The GDPR deadline has come and gone and although General Data Protection Regulation is no longer making the main news headlines, sports clubs across Europe still have a responsibility to ensure that they are securely storing and processing personal data of members and volunteers (and anyone else they hold data for).
A question we regularly get asked is “Does GDPR apply to sports clubs?” – the answer is “Yes it does!” and although the May 25th deadline has passed, it’s never too late to start your club’s journey to GDPR compliance. Here are eight steps we recommend to help ensure your club is compliant.
1. Pinpoint your data
Think about any data you collect about club members – where is it currently stored? Do you use a cloud-based sports management platform or is your member data all on paper? If it is in the cloud – a single, centralised record is preferable, so all your data is kept in one place. If you manage it all on paper – are you satisfied that you can access all membership forms, payment records, cheques awaiting lodgement, club lottery ticket stubs etc. and that all of this data is stored securely?
If you use a cloud-based platform, are the platform providers (as a data processor) able to demonstrate GDPR compliance – the onus is on the club (as data controller) to be satisfied that they are!
Knowing where data is stored is a vital step to GDPR Compliance – next is what you do with the data when you have it.
2. Ask why do you hold the data?
The most obvious reasons for sports clubs to gather personal data are to process club memberships and raise funds (e.g. raffle, lotto) – but what about volunteers? Do you collect and store police vetting forms, coaching qualifications, first-aid qualifications? Where do you hold emergency contacts (e.g. doctor, clubhouse maintenance). The data you hold, the purpose for which you intend to hold it and the duration for which you intend to hold it must all be clear.
MyClubFinances.com is the most comprehensive membership and fundraising platform available to sports clubs. We recently released a single dashboard for reporting on membership and volunteer status called ‘Single Member View‘ – other online platforms may have something similar. If you use another online platform, ask them how this member and volunteer data is stored and presented.
3. Identify who is responsible?
Club officers are ultimately responsible for how data is gathered, stored and processed. This is a big responsibility but needn’t be a burden – especially if you can minimise paperwork in collecting data and keep all the personal data stored in one place.
Club registrars and other volunteers (e.g. lotto administrators) who collect data should be aware of how to collect, transfer and dispose of data in a secure way and also to ensure that they have sought the permission of the data subject for the specified purpose (e.g. taking personal details to play the club lotto).
4. Getting consent
Whatever the intended purpose of data processing, you must get consent from the person for whom you are gathering data – or their parent/guardian in the case of a child. This is a simple step to take but it’s important to be able to show where and when consent was granted.
5. Members Rights
Members have the right to access, update or even delete the data the club holds. Consider what that would entail at your club – is it a simple process to show them all of the data the club currently holds on them? Or would you have to trawl through paper files to firstly FIND their data, before deciding how you would update or securely delete it.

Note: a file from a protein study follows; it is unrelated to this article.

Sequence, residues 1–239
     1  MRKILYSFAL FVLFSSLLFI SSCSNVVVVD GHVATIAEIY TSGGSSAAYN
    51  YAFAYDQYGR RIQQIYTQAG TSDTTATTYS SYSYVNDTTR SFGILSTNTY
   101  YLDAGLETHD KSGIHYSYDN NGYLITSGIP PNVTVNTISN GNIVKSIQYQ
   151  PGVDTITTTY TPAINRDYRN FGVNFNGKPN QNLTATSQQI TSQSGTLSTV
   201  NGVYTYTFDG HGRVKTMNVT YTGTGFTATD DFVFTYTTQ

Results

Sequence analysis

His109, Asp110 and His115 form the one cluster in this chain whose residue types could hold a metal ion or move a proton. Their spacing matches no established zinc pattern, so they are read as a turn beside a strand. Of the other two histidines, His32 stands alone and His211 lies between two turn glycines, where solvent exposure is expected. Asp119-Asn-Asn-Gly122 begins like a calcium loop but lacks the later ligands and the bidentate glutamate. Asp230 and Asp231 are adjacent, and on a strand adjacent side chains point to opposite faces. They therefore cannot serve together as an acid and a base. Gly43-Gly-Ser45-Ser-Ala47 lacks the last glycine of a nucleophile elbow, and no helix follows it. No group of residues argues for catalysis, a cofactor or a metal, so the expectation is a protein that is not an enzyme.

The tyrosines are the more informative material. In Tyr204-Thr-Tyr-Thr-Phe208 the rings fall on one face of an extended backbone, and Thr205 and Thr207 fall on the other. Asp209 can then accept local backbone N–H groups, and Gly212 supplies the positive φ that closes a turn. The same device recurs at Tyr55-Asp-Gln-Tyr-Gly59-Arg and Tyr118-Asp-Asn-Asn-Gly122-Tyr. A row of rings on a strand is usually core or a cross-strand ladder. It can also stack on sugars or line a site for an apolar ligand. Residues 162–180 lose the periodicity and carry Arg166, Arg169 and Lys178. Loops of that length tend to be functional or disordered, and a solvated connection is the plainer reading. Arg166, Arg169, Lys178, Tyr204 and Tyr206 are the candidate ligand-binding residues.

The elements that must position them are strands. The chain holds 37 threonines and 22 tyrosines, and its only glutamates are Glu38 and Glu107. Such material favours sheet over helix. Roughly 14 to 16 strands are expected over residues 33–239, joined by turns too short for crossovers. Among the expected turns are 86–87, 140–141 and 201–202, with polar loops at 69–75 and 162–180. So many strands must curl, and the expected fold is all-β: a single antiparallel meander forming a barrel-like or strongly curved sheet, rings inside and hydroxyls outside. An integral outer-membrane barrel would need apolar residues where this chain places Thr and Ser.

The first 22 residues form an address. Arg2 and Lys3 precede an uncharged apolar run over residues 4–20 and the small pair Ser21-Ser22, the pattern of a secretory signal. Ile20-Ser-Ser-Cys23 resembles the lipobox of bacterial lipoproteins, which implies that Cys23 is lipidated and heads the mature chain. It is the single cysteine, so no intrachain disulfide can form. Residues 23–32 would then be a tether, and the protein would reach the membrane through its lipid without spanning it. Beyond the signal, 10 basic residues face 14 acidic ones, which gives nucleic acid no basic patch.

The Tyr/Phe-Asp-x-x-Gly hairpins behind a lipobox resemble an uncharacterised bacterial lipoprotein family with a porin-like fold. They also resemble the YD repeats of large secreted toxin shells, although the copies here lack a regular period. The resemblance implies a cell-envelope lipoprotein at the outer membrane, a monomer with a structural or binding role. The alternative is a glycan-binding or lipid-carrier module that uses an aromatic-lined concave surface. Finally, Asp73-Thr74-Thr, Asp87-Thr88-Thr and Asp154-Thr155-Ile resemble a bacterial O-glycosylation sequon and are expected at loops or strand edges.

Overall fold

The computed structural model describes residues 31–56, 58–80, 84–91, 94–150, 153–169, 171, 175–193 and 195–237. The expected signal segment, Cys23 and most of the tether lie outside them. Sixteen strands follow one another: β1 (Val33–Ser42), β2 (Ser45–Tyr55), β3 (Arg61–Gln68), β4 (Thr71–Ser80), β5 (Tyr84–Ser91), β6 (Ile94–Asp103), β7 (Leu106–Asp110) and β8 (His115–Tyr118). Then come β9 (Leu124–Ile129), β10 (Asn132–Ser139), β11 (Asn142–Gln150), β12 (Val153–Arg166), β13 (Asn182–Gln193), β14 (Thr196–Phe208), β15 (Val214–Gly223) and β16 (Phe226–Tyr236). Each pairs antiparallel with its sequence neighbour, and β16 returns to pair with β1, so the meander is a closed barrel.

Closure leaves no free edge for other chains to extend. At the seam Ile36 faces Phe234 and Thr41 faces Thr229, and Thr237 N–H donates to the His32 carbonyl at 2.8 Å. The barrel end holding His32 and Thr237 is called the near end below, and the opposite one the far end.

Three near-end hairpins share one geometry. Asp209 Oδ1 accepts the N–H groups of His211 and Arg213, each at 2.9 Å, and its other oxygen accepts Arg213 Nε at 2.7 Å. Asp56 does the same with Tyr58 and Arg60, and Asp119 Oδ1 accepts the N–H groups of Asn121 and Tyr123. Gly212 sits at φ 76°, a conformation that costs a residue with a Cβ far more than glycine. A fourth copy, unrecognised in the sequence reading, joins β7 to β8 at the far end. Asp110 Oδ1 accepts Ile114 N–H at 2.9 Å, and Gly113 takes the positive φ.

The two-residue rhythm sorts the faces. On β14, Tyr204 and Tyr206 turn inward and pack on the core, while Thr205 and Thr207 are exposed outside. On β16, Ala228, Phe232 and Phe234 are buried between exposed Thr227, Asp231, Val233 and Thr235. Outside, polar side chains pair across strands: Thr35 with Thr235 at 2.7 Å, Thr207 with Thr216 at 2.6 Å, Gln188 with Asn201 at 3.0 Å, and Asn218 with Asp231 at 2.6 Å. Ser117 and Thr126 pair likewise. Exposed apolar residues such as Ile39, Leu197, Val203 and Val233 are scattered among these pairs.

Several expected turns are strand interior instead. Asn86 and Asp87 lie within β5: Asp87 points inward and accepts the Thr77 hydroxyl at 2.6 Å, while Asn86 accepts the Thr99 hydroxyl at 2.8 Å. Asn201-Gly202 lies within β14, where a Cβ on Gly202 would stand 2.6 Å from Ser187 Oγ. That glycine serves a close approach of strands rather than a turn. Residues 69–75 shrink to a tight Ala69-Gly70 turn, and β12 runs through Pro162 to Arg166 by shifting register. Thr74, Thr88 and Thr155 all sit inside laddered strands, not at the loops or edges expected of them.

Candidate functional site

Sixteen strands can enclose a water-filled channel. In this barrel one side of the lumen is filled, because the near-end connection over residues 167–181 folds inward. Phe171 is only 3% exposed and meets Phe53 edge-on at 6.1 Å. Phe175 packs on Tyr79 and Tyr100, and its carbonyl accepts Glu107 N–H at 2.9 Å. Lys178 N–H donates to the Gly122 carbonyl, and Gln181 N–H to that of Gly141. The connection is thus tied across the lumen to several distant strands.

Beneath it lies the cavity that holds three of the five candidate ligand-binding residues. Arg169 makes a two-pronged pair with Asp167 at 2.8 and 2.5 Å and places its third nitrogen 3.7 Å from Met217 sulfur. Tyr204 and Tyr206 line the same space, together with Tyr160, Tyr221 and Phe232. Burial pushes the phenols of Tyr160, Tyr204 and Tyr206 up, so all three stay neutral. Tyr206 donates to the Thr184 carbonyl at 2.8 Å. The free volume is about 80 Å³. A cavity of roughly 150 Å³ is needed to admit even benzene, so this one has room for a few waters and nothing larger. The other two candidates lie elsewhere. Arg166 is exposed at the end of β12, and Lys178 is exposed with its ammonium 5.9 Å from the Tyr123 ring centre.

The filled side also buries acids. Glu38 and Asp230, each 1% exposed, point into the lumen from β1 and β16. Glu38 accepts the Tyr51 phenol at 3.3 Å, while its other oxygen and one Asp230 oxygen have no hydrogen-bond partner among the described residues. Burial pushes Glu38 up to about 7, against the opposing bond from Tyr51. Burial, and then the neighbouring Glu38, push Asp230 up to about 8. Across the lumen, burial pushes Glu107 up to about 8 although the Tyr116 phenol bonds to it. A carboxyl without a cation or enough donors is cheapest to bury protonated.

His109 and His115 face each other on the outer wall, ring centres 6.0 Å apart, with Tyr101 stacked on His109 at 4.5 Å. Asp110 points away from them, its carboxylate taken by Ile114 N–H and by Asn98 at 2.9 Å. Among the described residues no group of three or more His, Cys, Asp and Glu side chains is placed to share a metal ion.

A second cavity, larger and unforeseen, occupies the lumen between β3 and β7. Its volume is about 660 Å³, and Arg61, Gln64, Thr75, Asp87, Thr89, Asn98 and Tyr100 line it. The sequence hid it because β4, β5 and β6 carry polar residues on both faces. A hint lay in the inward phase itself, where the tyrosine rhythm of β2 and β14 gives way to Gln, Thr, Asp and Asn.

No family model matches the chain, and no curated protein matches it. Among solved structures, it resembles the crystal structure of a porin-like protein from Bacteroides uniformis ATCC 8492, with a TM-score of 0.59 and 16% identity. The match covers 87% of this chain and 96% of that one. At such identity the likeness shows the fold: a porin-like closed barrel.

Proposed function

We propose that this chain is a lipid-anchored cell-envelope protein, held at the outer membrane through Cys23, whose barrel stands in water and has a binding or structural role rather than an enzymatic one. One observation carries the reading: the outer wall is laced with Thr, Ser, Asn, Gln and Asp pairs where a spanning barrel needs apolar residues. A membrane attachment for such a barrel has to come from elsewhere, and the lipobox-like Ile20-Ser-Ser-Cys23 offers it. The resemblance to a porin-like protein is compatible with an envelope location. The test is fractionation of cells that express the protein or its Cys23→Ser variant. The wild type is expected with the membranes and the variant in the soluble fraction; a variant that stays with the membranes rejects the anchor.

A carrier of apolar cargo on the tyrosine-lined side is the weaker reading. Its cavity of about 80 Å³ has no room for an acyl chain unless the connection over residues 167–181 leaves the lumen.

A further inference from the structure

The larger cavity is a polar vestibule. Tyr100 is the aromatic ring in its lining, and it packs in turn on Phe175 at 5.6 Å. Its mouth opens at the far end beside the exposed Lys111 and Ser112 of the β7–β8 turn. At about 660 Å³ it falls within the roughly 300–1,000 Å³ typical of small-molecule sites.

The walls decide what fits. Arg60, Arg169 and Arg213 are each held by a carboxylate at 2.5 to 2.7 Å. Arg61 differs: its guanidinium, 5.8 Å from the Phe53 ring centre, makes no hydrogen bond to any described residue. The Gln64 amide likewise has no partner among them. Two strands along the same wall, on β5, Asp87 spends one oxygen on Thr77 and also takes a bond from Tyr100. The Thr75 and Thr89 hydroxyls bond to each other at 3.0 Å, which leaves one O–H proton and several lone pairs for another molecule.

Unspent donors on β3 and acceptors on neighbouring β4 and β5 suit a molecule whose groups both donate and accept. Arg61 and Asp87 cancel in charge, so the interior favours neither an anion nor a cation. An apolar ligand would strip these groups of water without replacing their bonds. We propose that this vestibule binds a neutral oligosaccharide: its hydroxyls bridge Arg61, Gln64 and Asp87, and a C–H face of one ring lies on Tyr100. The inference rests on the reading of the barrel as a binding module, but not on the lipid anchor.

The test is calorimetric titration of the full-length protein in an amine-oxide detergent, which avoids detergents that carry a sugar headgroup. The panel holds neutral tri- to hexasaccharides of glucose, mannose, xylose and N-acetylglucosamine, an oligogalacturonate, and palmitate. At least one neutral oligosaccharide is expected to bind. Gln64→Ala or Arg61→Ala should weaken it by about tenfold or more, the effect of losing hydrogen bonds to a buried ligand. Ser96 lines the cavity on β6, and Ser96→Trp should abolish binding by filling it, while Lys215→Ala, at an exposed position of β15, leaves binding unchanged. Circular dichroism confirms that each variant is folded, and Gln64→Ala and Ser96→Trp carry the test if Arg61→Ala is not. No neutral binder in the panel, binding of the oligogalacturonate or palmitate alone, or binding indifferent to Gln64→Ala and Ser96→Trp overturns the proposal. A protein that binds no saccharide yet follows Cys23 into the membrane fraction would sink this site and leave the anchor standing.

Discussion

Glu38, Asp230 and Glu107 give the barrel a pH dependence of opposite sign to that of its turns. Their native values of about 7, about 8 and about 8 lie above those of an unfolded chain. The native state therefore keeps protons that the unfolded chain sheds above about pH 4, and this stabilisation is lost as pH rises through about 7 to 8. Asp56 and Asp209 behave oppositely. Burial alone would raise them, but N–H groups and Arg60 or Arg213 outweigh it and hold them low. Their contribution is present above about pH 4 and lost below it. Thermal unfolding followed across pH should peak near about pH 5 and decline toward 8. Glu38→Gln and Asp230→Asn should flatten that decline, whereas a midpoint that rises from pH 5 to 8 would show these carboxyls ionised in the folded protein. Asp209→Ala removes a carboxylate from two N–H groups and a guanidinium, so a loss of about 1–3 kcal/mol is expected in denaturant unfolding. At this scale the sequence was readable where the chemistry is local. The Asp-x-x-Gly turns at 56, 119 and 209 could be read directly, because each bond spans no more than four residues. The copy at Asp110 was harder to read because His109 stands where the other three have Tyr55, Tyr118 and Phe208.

6. Data Security
This ties into the first point of where the data is stored. If all member data is stored in a clubhouse – what happens in the event of fire, vandalism or theft? Is there a copy of records stored elsewhere. Imagine the size of the task involved in creating your entire member data record from scratch – this scenario may be extreme but these things can happen!
Managing your sports club data online via a secure online platform is the most efficient way of ensuring your data is stored centrally and securely. It also gives members, volunteers and parents peace of mind, knowing their data is secure.
7. Take Care Sharing Telephone Numbers
People can be very slow to share mobile phone numbers – but may reluctantly to do so to get notifications on training schedules and matches for their children’s sports club via What’s App or a similar service. But who monitors when access to these numbers ceases?
In a simple example scenario, phone numbers get shared with this year’s Under-10 coach – next year he/she is no longer coaching/volunteering at the club but still has these phone numbers on his phone. The onus is on the club to ensure that these telephone numbers are used solely for the purpose for which the data subject (in this case the parent) intended when sharing. How does your club currently handle this potential data breach?
The next release of our mobile app (due later in 2018) is designed to help club’s meet this challenge – give us a call on 091-506048 to learn more!
8. Prepare for the worst
Club’s (rightly!) take out insurance for all sorts of things (player injuries, clubhouse fires etc.) but are not always as quick to safeguard member data. Yet the penalties in place for negligent data management are potentially far more significant than the costs of not being insured.
Your club should also have devised a policy for handling a data breach. If a breach happens, the club is obliged to inform the Data Protection Commissioner of the breach within 72 hours and failure to do so can result in a significant fine. Demonstrating that you have taken steps to mitigate the risk to members and volunteers is an important step towards being compliant.
If you would like to learn more about how MyClubFinances.com can help you to manage your membership, fundraising and club data in a secure, compliant cloud-based platform, get in touch below!